For a long time, we have accepted a global tax system with great negative impact on weak, developing countries. The global technology giants are changing that. These companies interfere with industries all over the world – they compete directly with our businesses on unequal terms. And all these local and national businesses will not accept this arrangement.

The Tinius Trust have reached out to the Norges Bank Investment Management (NBIM), which manages Norwegian Government Pension Fund Global (GPFG) – the largest found in the world and a substantial share holder of the technology companies to inspire them to bring forward the core numbers and figures on revenue and tax. The Fund have three precise expectations about tax and transparency:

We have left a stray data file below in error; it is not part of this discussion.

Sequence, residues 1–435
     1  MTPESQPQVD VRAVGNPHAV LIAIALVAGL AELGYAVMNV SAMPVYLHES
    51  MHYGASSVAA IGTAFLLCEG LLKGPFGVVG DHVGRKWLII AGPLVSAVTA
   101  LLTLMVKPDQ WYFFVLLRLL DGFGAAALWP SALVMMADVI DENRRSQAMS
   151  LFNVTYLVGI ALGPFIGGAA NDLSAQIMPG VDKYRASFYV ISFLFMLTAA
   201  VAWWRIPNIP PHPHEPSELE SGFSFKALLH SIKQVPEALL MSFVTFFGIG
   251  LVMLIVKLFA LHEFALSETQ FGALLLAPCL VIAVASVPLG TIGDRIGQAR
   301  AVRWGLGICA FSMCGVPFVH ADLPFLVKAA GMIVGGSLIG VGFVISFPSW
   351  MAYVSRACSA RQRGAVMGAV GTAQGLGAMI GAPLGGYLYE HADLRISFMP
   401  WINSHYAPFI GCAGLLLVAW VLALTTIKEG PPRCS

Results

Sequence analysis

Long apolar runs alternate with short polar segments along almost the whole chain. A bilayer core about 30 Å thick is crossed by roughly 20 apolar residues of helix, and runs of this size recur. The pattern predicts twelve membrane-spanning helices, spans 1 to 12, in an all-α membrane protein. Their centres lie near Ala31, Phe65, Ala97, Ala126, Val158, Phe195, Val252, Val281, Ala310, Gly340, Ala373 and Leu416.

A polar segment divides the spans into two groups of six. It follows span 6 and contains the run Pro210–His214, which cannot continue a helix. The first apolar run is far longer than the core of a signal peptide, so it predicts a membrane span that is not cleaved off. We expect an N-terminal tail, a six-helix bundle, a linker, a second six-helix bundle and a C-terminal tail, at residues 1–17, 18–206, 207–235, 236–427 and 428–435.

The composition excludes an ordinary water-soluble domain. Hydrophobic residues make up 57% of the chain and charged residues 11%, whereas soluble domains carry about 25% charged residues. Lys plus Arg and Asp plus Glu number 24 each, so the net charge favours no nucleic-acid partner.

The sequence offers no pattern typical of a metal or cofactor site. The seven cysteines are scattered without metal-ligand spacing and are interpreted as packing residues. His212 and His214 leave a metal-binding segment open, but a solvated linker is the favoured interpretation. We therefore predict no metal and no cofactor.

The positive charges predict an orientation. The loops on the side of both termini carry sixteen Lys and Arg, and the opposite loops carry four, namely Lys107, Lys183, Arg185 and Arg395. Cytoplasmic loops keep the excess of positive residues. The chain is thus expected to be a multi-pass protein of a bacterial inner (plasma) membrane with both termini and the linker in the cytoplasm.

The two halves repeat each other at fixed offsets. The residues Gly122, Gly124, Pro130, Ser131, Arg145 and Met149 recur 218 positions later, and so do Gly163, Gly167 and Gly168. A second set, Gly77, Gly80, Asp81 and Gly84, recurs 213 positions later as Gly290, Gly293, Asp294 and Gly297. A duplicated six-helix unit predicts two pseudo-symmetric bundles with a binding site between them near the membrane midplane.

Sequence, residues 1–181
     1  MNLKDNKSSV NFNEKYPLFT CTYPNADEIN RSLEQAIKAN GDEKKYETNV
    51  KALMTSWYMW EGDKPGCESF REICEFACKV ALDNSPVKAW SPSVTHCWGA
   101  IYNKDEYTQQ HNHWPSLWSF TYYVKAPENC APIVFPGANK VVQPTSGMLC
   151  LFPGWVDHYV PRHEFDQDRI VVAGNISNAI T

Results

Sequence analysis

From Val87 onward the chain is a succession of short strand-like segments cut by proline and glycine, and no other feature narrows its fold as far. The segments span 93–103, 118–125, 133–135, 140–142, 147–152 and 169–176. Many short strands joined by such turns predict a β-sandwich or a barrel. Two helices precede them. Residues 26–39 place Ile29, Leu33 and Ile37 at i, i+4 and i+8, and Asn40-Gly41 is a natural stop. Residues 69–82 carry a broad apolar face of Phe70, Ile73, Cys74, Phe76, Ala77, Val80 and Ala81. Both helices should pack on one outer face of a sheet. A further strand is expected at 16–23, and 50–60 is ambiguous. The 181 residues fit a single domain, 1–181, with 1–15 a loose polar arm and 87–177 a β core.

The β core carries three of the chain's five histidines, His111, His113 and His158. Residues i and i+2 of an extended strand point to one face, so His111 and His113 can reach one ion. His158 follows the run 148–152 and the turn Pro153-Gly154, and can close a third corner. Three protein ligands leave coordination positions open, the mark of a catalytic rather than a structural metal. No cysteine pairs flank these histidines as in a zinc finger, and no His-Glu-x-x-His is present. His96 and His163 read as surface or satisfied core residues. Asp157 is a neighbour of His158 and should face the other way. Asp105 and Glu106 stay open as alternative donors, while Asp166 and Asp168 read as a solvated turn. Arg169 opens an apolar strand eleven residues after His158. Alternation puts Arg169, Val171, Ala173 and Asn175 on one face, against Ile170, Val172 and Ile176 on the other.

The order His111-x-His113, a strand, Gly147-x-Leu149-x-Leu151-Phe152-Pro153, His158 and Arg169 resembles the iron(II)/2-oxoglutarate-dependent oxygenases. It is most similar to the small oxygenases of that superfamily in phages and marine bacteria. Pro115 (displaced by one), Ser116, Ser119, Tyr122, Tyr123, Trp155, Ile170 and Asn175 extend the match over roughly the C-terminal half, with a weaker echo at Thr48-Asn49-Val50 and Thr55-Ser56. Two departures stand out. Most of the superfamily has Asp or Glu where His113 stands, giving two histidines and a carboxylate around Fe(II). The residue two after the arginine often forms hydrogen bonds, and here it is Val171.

• Tax should be paid where the revenue is generated.
  • Tax issues is a concern of the Board.
  • Public country-by-country reports should be the norm for businesses.

The Tinius Trust have stated that we expect these principles to be actively used.

Finally, I would like to remind you of the obvious: It is high quality journalism based on international cooperation across a wide range of newsrooms that have scrutinized the dysfunctional tax system we live by. It is journalists who, in a unique collaboration, have carved out ministers, business leaders and notabilities from the tax heavens. The journalists have done their part of the job. Now it is up to the politicians to do theirs.